Witchcraft and magic in 19th and early 20th century regional fiction

Wednesday, 26 July 2017

Witchcraft and magical beliefs

Oxford Brookes’ Dr Simon White is working on a new book exploring the mainstream magical beliefs and practices of British people during the 19th and early 20th centuries and how they were represented in fiction.

Dr White is a recipient of the University’s Research Excellence Awards 2016/17, and the funding is providing him with the opportunity to conduct this new area of research.

Below he discusses this project:

A considerable amount of work has been done on the representation of witchcraft and magic in early-modern England and Scotland; particularly on the infamous witch trials of the 16th and 17th centuries.

Though the 1736 Witchcraft Act redefined magic as fraud, ordinary people continued to fear maleficium (harmful magic).

Since the year 2000, and led by the ground-breaking research of Professor Owen Davies at the University of Hertfordshire, historians have begun to explore this striking gap in our understanding of the mind-set of ordinary people, and the social dynamics of local communities throughout Britain during much of the last 300 years.

Only very recently have historians begun to study regional variations in magical beliefs and practices during the 19th and early 20th centuries. This new area of research is the starting point for my new book Witchcraft and Magic in Regional Fiction,1818-1926, which will be informed by the growing body of work on regional variations and by new (historical) discoveries made during my own research.

The most important section of the book will consider the function of magical beliefs and practices, and the importance of the new disciplines of Folklore and anthropology.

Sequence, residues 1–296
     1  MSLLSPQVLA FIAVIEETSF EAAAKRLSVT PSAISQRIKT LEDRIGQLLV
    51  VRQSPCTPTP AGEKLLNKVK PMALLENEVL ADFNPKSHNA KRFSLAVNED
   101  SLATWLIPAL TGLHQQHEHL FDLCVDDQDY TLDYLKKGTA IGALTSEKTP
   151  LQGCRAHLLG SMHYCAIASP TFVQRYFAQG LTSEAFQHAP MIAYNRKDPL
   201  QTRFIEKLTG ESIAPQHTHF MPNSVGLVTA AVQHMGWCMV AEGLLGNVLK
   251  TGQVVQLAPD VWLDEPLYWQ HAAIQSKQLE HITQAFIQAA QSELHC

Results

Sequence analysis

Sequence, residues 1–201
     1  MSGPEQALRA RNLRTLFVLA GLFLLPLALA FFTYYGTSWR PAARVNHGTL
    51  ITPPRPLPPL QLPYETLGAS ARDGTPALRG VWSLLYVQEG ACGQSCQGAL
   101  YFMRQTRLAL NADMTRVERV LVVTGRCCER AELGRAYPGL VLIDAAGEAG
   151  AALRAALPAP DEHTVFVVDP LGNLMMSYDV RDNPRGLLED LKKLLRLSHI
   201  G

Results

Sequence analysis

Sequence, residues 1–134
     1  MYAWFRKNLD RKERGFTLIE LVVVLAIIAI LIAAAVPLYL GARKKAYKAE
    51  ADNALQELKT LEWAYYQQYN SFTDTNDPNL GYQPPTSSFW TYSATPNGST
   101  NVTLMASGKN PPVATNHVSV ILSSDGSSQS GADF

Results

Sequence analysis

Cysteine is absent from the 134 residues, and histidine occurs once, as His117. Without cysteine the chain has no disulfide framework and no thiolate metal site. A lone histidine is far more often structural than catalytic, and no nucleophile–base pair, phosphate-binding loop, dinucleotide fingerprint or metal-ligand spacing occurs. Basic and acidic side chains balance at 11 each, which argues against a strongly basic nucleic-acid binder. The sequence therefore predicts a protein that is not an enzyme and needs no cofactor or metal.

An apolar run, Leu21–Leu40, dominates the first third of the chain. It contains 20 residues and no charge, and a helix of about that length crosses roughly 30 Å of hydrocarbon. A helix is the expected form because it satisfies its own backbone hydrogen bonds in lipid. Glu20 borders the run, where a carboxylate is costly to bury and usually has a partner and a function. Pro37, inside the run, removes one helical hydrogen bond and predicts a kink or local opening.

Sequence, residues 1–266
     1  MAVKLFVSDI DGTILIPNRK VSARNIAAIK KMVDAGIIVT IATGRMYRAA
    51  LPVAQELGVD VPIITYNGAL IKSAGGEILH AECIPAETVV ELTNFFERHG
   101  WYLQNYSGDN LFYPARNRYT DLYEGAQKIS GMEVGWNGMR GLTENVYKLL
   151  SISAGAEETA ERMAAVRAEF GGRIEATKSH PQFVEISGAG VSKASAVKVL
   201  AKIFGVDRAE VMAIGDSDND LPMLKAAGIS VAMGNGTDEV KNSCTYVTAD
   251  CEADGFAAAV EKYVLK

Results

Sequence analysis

Dr Simon White, Reader in romantic and 19th century literature, Oxford Brookes University

I will be re-examining the representation of witchcraft and magic during the Romantic period, particularly the Ettrick Shepherd James Hogg’s semi-autobiographical short stories about magical belief and practice in the Scottish Borders.

The most important section of the book will consider the function of magical beliefs and practices, and the importance of the new disciplines of Folklore and anthropology, in the construction of distinctive regional and local identities in west-country fiction during this era.

I am also going to focus on the representation of socially- and locally-embedded magical beliefs and practices as a critique of homogenised rural modernity in early 20th century fiction.

Witchcraft and Magic in Regional Fiction will fill a significant gap in our knowledge of the fiction of the late-Romantic, Victorian and early 20th century periods.

Generating interest in this subject outside of academia is also something I’m keen to do. So in tandem with my book, I have developed an innovative Historypin Special Collection called mappingmagic.org

Mapping Magic allows anyone to go online and ‘pin’ a snippet of text, a historical photo, video, audio recording or personal recollection to an interactive map covering the whole of Great Britain.

Communities can share local history through this forum; they can enjoy it, learn from it, discuss it and contribute to the development of a complete collection of stories about magical belief and practice from the Middle Ages right up to the present day.

Visit www.historypin.org/en/mapping-magic to find out more.

You can read more about this research project in the Spring 2017 edition of Research Forum magazine.